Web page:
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Okay, call me a grammar nerd if you'd like, but when we talk about the Internet, it should be capitalized.

The term “internet” in its generic form is short for internetwork, meaning a “network of networks”. To understand this, you need to know that prior to the emergence of the Internet as we know it today, there were many disparate data networks that were not directly connected to each other.  

One of them was ARPANET, or Advanced Research Projects Agency Network, initially funded by the US Department of Defense. Many of the concepts that power the modern Internet, such as the TCP/IP protocols, were born out of the ARPANET project (which itself expanded on concepts from earlier work such as the French CYCLADES project).

Another example is CSNET which was funded by the US National Science Foundation in order to connect a consortium of universities and provide gateway capabilities for these institutions to indirectly leverage ARPANET. 

There are many other individual networks. Those of us who grew up in the days of BBS (Bulletin Board Systems) accessed over dial-up connections may remember Fidonet, which used a store-and-forward mechanism to relay messages between individual BBS systems so that their users could communicate while avoiding long distance charges.

Now we come to the Internet; the pervasive global network which has, for better or worse, supplanted many of the individual smaller networks that preceded it. There is only one Internet, hence its status as a proper noun and the requirement for capitalization.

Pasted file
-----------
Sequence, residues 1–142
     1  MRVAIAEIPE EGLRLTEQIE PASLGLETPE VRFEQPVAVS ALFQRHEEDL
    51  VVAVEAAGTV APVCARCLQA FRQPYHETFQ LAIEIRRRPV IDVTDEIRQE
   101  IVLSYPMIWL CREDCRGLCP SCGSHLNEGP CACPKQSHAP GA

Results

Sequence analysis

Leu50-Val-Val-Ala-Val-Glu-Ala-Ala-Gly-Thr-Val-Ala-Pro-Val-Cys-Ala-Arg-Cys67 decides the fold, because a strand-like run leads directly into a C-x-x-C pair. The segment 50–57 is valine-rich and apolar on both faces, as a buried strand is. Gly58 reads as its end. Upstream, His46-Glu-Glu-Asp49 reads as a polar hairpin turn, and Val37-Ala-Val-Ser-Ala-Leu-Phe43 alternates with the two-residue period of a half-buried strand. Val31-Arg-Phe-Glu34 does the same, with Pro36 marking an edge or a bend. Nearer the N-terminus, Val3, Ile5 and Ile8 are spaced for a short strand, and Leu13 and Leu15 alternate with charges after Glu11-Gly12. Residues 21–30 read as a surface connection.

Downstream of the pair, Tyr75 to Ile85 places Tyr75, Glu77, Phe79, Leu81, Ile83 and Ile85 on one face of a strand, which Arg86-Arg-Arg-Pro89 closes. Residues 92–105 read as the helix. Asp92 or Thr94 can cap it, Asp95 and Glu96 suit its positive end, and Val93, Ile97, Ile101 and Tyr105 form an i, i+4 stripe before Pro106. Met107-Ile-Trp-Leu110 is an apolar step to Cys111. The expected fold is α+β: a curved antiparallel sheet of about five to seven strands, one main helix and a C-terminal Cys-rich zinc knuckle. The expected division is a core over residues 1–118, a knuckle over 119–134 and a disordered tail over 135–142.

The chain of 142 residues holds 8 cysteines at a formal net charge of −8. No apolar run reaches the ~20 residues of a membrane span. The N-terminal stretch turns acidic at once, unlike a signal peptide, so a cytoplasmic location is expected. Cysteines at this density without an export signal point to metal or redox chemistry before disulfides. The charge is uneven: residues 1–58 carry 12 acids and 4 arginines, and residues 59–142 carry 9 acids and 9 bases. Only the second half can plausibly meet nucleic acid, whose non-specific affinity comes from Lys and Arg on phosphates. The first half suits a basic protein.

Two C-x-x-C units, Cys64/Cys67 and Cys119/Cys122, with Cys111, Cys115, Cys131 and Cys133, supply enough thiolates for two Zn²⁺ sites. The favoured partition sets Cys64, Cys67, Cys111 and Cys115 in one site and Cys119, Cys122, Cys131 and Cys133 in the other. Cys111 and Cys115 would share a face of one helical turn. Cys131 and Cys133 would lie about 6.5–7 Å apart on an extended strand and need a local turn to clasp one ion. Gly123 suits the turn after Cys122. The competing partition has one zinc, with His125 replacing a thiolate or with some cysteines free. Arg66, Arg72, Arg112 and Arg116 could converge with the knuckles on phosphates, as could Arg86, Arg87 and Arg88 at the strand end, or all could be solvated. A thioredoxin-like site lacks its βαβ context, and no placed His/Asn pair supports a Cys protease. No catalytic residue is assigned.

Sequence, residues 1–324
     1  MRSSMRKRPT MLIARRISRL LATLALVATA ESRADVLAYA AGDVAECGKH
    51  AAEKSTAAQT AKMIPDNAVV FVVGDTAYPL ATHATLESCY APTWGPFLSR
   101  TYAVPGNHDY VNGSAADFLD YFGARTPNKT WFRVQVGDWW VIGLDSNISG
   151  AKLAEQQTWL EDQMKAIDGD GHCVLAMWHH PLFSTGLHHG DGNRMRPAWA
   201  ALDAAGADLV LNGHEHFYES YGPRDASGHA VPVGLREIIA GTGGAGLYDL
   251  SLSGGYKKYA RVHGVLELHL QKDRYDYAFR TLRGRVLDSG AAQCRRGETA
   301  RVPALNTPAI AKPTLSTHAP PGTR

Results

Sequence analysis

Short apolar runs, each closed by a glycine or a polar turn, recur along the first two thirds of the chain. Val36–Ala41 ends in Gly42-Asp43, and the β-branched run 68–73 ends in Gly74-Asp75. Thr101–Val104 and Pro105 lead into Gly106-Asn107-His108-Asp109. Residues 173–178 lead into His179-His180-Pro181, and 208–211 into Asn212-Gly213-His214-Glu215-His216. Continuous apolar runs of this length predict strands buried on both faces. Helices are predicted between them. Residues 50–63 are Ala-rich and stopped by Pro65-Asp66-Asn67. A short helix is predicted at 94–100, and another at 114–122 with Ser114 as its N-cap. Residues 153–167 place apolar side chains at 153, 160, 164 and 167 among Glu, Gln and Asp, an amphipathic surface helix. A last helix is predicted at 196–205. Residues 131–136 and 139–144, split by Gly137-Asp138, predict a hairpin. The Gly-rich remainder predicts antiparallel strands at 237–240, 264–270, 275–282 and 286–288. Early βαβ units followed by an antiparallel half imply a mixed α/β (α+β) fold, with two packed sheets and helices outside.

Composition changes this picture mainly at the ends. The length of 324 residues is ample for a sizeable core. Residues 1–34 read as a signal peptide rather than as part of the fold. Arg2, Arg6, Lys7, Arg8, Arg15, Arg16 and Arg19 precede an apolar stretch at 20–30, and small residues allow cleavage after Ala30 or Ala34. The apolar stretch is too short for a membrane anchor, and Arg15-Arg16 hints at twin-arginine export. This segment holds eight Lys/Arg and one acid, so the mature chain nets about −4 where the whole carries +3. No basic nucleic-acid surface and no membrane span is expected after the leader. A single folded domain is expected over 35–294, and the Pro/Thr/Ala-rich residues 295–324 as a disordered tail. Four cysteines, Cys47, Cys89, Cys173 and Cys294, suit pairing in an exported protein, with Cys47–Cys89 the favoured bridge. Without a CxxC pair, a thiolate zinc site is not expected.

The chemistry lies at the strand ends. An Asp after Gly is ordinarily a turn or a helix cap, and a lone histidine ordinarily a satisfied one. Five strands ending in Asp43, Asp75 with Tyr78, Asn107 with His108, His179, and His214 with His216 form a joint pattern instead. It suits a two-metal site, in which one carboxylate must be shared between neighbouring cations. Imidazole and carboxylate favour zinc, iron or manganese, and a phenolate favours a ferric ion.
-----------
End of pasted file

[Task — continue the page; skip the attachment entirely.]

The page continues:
While we’re on the topic, let’s clear up some more semantic issues regarding the Internet. Have you ever been asked a question like, “do you have the Internet at your place?” or made a statement like, “my Internet is down!” The Internet is actually a global collection of millions of individual devices connected by thousands of routers and many thousands of kilometers of optic fibre and copper cables. I don’t know about you, but I definitely don’t have this sitting in my basement. I have a connection to the Internet. 

jail3.jpgSimilarly, your connection to the Internet may be down, but usually the rest of the Internet is doing just fine.

So let’s all agree not to let the lazy world of texting and Twitter ro
b us of our capitalization. The Internet deserves its status as a proper noun!

Dan Hamilton, COO

Written by Dan Hamilton, COO

Dan brings more than 20 years of very diverse experience from hardware and software development to critical facility infrastructure, and is responsible for Whipcord’s overall service delivery and product strategy.